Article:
After the trump color is announced (and the widow removed or set aside), the highest bidder starts the game by playing to the center of the table any card of any color. The play passes to the left, each person playing one card. The highest card of the color led takes the cards thus played, called a trick, unless the trick is trumped, in which case the highest trump played takes the trick.
Note that a player must follow the color led, if possible - that is to say, if the player has a card of the color led, he must play a card of that color. If a player does not have a card of the Color led, he may either "throw away," (i.e., play a card of any other color), or, he may in such case, play a trump, Bull, or Bear, if he has one, or a Money card if he thinks his Partner will capture the trick. Who ever takes a trick places it face-down in front of him or his partner so that all their captured tricks are kept in one group. Tricks containing the Bull or the Bear are kept separate from others. Once a captured trick has been placed in front of the player who captured it, it may not be reviewed until the end of the game. The player taking the trick leads the next trick. Bull or Bear cards cannot be led to a trick unless the player has no other cards left in their hand. Partners must not advise each other what to play.
The Bull card may be played only when its holder cannot play a card of the color led, or when it is the last card held in a player's hand. It is a very important card because it doubles the value of the count cards in that trick for the side that captures it.
Suppose A leads a low red card. Z, the opponent at his left, follows with the red $40,000. B, A's partner, unable to capture, plays a low red. Y, Z's partner, holds the Bull, and having no red cards plays the Bull. The trick is, of course, captured by Z and this trick is set aside by Z face up with the Bull on top. The value of this trick, $40,000, when taking the score, is doubled for partners Y and Z counting $80,000.
The Bear card may be played only when its holder cannot play a card of the color led, or when it is the last card held in a player's hand. It cancels the value of the count cards in that trick for the side that captures it. If the Bull and the Bear are both played upon the same trick, the value of the trick is affected only by whichever is played last. If a player is forced to lead a trick with the Bull or Bear then the player who first follows with a number, Money card, or Tiger establishes the color of that suit.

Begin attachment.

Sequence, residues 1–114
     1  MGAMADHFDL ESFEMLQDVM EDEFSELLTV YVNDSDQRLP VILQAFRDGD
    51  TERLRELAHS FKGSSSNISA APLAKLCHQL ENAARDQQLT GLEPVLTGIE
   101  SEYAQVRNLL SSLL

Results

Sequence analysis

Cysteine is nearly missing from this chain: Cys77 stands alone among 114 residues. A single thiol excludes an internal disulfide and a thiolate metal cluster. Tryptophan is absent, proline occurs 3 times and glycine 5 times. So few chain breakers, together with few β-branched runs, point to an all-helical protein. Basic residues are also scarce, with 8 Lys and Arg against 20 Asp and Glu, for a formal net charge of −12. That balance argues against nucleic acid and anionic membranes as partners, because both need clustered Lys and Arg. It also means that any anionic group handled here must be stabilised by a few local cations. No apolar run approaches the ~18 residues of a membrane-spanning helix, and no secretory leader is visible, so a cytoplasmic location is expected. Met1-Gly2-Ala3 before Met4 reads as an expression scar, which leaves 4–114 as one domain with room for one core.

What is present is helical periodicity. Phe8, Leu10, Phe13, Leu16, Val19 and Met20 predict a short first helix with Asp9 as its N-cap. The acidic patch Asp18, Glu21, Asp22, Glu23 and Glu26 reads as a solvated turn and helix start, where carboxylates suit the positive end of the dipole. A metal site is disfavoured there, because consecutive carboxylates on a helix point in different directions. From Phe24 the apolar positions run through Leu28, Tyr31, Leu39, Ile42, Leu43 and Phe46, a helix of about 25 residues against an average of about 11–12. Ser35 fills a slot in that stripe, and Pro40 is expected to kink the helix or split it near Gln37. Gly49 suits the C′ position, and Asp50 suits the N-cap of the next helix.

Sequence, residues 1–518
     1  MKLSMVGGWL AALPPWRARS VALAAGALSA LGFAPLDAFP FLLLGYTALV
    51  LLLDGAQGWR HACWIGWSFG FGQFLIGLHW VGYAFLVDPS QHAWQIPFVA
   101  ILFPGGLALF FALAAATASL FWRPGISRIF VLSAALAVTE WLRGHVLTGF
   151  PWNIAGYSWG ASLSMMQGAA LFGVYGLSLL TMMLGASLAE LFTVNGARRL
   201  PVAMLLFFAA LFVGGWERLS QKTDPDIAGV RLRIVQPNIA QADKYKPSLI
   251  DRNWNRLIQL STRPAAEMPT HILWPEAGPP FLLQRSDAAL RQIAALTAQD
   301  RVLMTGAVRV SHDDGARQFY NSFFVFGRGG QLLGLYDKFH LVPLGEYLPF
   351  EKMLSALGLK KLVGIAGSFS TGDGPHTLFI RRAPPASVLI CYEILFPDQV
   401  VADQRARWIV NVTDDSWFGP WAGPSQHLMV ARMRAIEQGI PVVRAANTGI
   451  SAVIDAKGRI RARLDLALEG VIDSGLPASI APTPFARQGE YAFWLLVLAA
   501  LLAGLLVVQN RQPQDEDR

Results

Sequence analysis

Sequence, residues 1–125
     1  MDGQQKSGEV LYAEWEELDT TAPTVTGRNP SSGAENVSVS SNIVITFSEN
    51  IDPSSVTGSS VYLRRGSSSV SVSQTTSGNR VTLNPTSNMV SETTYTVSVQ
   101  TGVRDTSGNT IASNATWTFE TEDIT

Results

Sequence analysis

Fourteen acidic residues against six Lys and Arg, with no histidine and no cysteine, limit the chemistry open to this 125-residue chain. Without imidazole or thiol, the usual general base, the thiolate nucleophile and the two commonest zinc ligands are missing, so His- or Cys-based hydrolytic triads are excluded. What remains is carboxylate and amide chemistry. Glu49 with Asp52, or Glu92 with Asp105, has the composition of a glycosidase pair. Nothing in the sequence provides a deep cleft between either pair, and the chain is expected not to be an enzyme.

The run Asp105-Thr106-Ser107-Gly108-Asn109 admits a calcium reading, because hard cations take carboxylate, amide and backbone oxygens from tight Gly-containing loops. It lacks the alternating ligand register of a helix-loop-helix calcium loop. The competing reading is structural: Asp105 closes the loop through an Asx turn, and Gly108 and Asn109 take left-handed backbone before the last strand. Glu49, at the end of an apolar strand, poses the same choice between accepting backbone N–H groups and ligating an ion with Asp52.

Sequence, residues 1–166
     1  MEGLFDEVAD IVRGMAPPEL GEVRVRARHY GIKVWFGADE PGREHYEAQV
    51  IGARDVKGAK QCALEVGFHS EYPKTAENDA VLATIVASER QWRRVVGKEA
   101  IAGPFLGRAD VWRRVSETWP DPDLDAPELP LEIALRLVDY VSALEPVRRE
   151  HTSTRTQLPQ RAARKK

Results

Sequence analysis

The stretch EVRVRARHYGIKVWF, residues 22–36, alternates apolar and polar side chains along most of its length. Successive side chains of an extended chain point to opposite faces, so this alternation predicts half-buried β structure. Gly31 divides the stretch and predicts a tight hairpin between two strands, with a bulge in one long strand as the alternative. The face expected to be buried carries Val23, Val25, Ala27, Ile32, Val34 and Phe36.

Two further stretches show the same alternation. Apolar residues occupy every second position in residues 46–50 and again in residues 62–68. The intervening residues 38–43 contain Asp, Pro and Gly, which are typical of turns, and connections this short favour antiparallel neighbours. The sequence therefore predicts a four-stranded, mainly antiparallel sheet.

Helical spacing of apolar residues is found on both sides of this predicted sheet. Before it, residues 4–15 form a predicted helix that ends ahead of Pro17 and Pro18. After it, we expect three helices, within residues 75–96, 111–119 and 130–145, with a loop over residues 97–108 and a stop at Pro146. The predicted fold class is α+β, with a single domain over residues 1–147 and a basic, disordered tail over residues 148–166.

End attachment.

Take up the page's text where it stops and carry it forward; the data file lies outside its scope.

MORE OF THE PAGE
The Tiger card is always the highest trump and is used like any card of the trump color. If led, it calls for the play of trumps. If trumps are led and the player with the Tiger has no other trumps in his hand, he has to play the Tiger.
After all the cards of the hand have been played, each side adds up the score of the captured Money cards. Any Money cards in the trick in which the Bull is played count double, and the trick in which the Bear is played is worthless (subject, of course, to the rule regarding the play of both Bull and Bear in the same trick). If the highest bidder's side has captured cards that total or exceed its bid, it scores all it has earned. If the highest bidder's side has failed to earn at least its bid it is "set back" the total amount of its bid. In other words, having had the privilege of naming trump color, if the highest bidder's side fails to earn its bid, it not only can't score what it earned, but has the bid amount recorded as a negative score (deducted from its current or future earnings). The opposing side, which did not name trump color, retains the total amount it made.
Suppose Z is the highest bidder at $240,000, and Y-Z (partners) capture a total of $200,000 beside a bull trick that contains $30,000 that is doubled to $60,000. They have "made their bid" and score $260,000. However, if Y-Z's count had been anything less than their bid, they would be set back in their bid. A-B score the total they captured. The game is won by the side that first scores one million dollars. If both sides reach or exceed one million dollars at the end of the same hand, the highest score wins.
Subject to the unanimous decision of all players: